What’s the point of creating a budget if it’s not possible to follow through? — Alexa Von Tobel
It’s October which can only mean one thing for many companies: it’s budgeting time. If the thought of crunching numbers fills you with dread, it’s time to lean in and make this the year you understand financial statements and other aspects of budgeting and finance required of leadership. After all, it’s hard to spearhead a department (and certainly an organization!) if you don’t.
During Part 1: Understanding Budgets and What Makes Your Company Profitable, we walked through key financial terms, how to pull together the data, determining the ROI (return on investment) of projects and finally, bulletproofing your budget when presenting to the C-Suite. If you missed that blog, I strongly suggest you read it first because those fundamentals feed into our next topic: understanding your organizations key financial statements. Let’s take a look at each and determine what information it’s telling us.
The Three Key Financial Statements
Watch your finances like a hawk. —H. Jackson Brown Jr.
Why is learning to read financial statements important?
Because knowing how to read and interpret what the #’s are telling you could mean the very survival of your company.
Several external parties also care about your company books. Shareholders review your financials to understand how well their capital is being managed. Outside investors use financial statements to determine if they should invest in your company. Lenders and suppliers use your financials to determine your creditworthiness. Publicly traded companies are required to publish financials and make them available to anyone who wants to view them (privately held companies typically don’t make their financials available to anyone except their owners and the bank).
Let’s take a peek at three statements that play a particularly important role in your company’s business operations.
The Income Statement
Revenues, expenses, profits, the matching principal, and accrual-based accounting all have a home in the income statement, which measures whether the products or services that your company provides are profitable over a period of time (unlike the Balance Sheet which is a point in time financial measurement tool).
This tool is also known as the profit-and-loss statement or P&L. This statement shows the profitability at the end of a particular timeframe – typically at the end of each month, quarter or fiscal year. Perhaps even more importantly – this statement also details how much money the company had to spend in order to earn that profit. A simple representation of the Income Statements looks like this:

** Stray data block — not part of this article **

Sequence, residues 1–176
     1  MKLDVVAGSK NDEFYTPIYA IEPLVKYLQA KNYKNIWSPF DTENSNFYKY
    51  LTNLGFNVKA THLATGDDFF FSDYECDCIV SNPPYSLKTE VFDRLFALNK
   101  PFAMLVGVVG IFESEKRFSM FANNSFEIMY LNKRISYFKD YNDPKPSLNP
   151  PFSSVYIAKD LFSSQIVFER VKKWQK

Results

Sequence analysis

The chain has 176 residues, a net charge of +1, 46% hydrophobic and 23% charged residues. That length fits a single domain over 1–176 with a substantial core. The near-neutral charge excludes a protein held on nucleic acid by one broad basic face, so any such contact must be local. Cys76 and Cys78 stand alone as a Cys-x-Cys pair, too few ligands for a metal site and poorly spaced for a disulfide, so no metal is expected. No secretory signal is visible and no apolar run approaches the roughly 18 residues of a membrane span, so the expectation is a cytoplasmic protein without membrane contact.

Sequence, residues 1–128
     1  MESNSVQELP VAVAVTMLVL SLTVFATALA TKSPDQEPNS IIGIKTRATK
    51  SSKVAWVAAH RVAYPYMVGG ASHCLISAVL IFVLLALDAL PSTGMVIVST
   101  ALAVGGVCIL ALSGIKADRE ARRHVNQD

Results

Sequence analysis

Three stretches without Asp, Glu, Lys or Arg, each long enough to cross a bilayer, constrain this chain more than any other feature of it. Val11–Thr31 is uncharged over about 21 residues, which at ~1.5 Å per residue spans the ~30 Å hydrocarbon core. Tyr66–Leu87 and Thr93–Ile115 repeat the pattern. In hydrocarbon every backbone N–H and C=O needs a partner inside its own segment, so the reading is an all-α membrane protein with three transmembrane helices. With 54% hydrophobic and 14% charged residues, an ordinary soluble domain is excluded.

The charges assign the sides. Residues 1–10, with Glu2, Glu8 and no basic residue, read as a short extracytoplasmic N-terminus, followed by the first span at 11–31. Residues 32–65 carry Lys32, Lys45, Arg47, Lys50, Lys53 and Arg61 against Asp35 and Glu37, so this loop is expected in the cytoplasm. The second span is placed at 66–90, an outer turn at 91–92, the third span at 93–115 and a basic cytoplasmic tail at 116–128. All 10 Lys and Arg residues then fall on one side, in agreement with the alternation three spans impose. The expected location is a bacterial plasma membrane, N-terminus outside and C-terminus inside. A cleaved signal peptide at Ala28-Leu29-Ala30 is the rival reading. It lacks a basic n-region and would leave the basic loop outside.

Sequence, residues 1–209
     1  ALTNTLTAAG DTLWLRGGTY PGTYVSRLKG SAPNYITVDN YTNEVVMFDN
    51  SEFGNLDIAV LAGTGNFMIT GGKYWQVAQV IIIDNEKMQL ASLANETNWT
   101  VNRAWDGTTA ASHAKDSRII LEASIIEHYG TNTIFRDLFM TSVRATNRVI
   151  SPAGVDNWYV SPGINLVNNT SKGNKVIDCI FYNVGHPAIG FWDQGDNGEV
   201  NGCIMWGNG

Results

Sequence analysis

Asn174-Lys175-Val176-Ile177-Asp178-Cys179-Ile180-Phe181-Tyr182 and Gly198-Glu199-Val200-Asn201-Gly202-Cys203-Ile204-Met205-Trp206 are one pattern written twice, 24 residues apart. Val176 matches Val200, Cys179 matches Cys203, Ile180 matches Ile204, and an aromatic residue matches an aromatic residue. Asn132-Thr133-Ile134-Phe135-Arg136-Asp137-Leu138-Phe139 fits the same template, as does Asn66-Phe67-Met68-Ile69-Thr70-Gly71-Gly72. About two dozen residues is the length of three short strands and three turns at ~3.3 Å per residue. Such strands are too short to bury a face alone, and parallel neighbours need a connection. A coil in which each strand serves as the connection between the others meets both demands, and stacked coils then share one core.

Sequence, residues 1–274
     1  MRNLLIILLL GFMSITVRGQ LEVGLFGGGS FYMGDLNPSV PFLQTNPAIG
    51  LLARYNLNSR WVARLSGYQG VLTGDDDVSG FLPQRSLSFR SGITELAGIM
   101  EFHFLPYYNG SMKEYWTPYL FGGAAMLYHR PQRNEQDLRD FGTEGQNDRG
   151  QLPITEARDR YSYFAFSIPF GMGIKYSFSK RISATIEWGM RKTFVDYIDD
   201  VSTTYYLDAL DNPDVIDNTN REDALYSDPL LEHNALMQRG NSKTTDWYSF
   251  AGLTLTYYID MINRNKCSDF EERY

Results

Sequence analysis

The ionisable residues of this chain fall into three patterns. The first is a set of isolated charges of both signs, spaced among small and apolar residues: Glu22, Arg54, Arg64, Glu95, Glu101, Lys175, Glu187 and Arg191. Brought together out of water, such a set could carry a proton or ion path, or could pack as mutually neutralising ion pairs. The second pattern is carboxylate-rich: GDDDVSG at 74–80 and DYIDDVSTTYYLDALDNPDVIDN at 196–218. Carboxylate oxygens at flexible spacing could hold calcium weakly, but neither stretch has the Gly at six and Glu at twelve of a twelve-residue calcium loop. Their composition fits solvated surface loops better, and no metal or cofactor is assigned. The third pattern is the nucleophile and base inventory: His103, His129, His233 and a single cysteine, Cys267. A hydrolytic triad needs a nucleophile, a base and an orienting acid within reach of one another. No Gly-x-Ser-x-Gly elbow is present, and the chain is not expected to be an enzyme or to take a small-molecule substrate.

Revenues – Expenses = Net Income (or Net Loss)
Here is a sample Income Statement:
Sales (aka revenues) are shown first (note revenue comes from not only selling your products or services but also from investments or the sale of assets). Then the various costs and expenses are subtracted from those revenues. As you can see, the “bottom line” is the Net Income (or Loss) for the company.
- gross profit (total sales minus cost of goods) – this is the roughest estimation of the company’s profitability and not surprising, you want this # as high as possible since you’ll pull expenses from gross profit
- operating profit (gross profit minus operating and depreciation expenses) – operating expenses include admin employee salaries, rents, sales and marketing costs and other business costs not directly attributed to the cost of making your product. This is also called operating earnings or earnings before interest and taxes (EBIT)
- net profit or net income (operating profit minus interest and taxes, aka the “bottom line”)
- The operating profit line indicates whether the core of the business is functioning at a profit or at a loss.
- It is possible for a company to have a high gross profit (i.e., something in the rage of 25 percent to 50 percent) but have a relatively low operating profit due to costs associated with marketing the product, for example, or with managing the company.
- Think of operating profit as a measure of how efficient management is at generating revenues and controlling expenses.
The real value in income statements is realized when comparing multiple years as shown below: